Poster for the movie "The Wind Rises"

The Wind Rises (2013)

PG-13 126 min - Animation - 20 July 2013

A lifelong love of flight inspires Japanese aviation engineer Jiro Horikoshi, whose storied career includes the creation of the A-6M World War II fighter plane.

Director:  Hayao Miyazaki

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Storyline

A lifelong love of flight inspires Japanese aviation engineer Jiro Horikoshi, whose storied career includes the creation of the A-6M World War II fighter plane.


Collections: Hayao Miyazaki

Genres: Animation

Details

Official Website: 
Country:   Japan
Language:  French, German, Italian, Japanese
Release Date:  20 July 2013

Box Office

Technical Specs

Runtime:  2 h 06 min
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From Academy Award(R)-winning filmmaker Hayao Miyazaki (Best Animated Feature, SPIRITED AWAY, 2002) comes a spellbinding movie beyond compare. Experience "perhaps the greatest animated film the ...

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by Ginger

The Wind Rises is a cartoon about the man who designed some of the most beautiful airplanes in history. If follows his life from World War I through World War II. It is subtitled, documenting the story of Jiro Horikishi and his contribution to aviation history. This movie offers something a little different for movie goers. The original is in Japanese, but Disney has dubbed it for English speaking audiences. This parental guide to the movies thinks that this film is excellent for the entire family, save for a few war scenes that are done realistically.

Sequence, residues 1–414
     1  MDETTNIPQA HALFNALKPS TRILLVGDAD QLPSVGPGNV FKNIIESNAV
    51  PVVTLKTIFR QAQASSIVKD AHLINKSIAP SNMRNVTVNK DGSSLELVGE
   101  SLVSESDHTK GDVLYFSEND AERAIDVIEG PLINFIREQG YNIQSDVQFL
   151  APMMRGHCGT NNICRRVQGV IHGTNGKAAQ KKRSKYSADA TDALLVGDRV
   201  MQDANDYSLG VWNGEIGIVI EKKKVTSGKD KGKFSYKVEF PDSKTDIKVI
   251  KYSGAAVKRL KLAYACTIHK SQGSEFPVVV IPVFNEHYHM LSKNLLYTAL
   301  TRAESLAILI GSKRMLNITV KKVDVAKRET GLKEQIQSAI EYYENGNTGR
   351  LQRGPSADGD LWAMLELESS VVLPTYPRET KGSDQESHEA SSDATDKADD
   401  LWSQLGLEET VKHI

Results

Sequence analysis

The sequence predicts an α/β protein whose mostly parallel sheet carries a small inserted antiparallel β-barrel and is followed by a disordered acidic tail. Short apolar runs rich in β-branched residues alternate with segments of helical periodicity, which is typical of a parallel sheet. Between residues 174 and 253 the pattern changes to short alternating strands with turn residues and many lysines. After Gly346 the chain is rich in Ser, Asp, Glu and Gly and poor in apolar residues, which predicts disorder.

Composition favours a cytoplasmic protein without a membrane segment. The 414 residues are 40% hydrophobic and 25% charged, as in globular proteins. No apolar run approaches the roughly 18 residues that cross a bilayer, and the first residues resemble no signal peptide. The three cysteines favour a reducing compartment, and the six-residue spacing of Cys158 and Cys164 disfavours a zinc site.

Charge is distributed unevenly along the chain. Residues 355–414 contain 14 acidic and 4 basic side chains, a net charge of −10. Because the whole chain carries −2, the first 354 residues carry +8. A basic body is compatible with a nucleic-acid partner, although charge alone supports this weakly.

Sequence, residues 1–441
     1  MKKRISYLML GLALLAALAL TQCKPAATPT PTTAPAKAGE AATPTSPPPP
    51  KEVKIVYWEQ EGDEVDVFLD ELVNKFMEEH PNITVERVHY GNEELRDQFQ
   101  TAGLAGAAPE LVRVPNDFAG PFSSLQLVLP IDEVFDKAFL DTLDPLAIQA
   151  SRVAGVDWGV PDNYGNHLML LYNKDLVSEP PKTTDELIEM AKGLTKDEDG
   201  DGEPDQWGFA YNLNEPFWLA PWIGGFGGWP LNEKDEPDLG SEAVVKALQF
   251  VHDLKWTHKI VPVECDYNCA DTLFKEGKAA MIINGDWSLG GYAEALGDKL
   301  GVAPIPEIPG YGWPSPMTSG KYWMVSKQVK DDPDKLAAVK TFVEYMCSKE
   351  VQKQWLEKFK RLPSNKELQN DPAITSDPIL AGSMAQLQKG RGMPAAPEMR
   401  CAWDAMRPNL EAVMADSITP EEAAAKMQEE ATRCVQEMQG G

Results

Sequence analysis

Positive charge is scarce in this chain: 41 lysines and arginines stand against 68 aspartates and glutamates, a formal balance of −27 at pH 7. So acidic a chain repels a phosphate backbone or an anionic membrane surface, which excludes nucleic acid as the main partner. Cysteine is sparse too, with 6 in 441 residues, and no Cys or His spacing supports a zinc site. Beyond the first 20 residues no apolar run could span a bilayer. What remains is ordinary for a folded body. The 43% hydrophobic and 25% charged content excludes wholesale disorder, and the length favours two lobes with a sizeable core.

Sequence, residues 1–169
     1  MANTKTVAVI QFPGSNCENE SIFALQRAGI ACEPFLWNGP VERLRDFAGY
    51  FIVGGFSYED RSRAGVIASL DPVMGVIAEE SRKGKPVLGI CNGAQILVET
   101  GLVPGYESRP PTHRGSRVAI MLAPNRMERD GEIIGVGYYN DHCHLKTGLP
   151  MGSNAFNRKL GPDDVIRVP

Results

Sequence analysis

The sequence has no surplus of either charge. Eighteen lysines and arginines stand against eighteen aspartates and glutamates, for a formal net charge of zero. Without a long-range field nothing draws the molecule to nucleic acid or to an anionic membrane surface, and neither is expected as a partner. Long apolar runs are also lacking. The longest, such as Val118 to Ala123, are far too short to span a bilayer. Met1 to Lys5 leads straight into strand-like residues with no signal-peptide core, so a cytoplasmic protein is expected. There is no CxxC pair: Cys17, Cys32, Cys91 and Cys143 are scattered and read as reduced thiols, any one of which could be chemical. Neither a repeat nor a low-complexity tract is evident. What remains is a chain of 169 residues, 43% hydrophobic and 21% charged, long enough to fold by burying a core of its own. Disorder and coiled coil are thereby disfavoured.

This movie is unique in its technique. It is a cartoon done in the style of a graphic novel. The scene detail is amazing and the frames are beautifully done. It is a beautiful sensory experience. The soundtrack is in Japanese and is light and airy. The movie is largely silent except for the subtitles that inform the audience of the plot.

Some of the scenes are frightening, particularly those during the war. It shows the First World War from the perspective of the children. It shows suffering and destruction during the war. It shows how poverty and disease plagued Japan in the Great Depression. There is also a frightening earthquake scene. However, as far as inappropriate content for children, this movie is appropriate for all ages, except for those young enough to be frightened by the earthquake and war scenes.

This movie is said to be the last movie of Hayao Miyazaki before his retirement. The aesthetics of the film are decidedly Japanese animation style. It promises to be a different movie experience than the average American audience has come to expect. It is more like an artistically done documentary in cartoon. This is an interesting experience and may be a good introduction to the world or art films. Regardless, it is a beautiful movie experience for all but the youngest family members.

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